Diekmann in semi-final race
29 July 2021 | Sports
Namibian rower Maike Diekmann is set for the semi-final C/D race at the Tokyo Olympic Games today.
The Namibian will not be competing for a medal but will rather race for better ranking. She finished fifth in the quarter-finals, which means that she gets the chance to race for a 13th- to 24th-place ranking.
Diekmann will go up against Puerto Rico’s Arana Toro, Trinidad and Tobago’s Felice Chow, Serbia’s Jovana Arsic, Sweden’s Lovisa Claesson and China’s Wing Yan Winne Hung. The race will start at 05:00.
If she makes it through, she will again compete on Friday in the final. Diekmann lives by the philosophy: “If you have a big goal in life, it will feel out of reach for so long, but you must just keep on going. A lot of people will doubt you, but it's the passion, it's the heart, and it's the hard work. Nothing comes easy, but if you put in the hard work, luck will always be on your side on your journey.”
Dreams are valid
Indeed, the 27-year-old Diekmann is living testimony of her philosophy. Many might not know, but her journey has taken her from a farm in the semi-arid Namibia to the waters of neighbouring South Africa and the top rowing courses in the world.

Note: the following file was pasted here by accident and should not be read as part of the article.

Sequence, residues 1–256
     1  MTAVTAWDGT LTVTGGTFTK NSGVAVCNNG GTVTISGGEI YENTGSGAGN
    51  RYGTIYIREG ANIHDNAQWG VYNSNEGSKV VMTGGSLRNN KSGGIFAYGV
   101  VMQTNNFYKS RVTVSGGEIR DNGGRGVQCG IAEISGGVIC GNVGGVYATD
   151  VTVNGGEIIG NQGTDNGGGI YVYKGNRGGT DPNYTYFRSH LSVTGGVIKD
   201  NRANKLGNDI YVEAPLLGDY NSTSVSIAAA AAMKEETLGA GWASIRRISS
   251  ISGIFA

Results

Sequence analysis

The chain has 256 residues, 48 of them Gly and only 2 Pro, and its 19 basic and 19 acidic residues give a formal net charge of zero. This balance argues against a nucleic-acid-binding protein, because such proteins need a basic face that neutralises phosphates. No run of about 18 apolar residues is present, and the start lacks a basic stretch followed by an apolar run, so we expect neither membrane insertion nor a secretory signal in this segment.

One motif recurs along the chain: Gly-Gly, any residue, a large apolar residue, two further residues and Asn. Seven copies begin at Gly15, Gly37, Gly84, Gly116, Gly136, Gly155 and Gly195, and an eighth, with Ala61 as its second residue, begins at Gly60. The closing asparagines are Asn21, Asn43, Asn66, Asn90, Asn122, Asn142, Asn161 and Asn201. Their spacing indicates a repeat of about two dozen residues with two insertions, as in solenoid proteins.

Growing up near Otjiwarongo, Diekmann was never exposed to rowing or any other water sports, for that matter. Her curiosity got the best of her in her third year of studies at South Africa’s Rhodes University.
She narrated how she was put in the smallest boat. “The single sculls, straight away, which I think, when looking back, was the best thing,” Diekmann recalled.
She said she had to learn in what is considered the most difficult boat. “It is unstable, it is just you and no one else helping you balancing the boat. So, I learned quickly about the basic things in the stroke, even though it was such a new sport and I had never been exposed to something like this.”
Diekmann represented Namibia for the first time at the 2015 African Olympic qualification regatta in Tunisia for Rio 2016. She missed out on qualification, but the experience alone served as validation of her newfound dream.
“I remember that clearly because that was after nine months of rowing, and there I was racing for Namibia. That was exciting, and it was a big step in my career where I realised this was something I wanted to take further and get better for Namibia and see if I can qualify for the Olympics one day,” she said.
And qualify she did. Diekmann thanked her supporters on her social media. “Thank you so much for all the messages, calls, and videos. It has been incredible hearing from all of you,” she said.
-Additional info: Olympics.com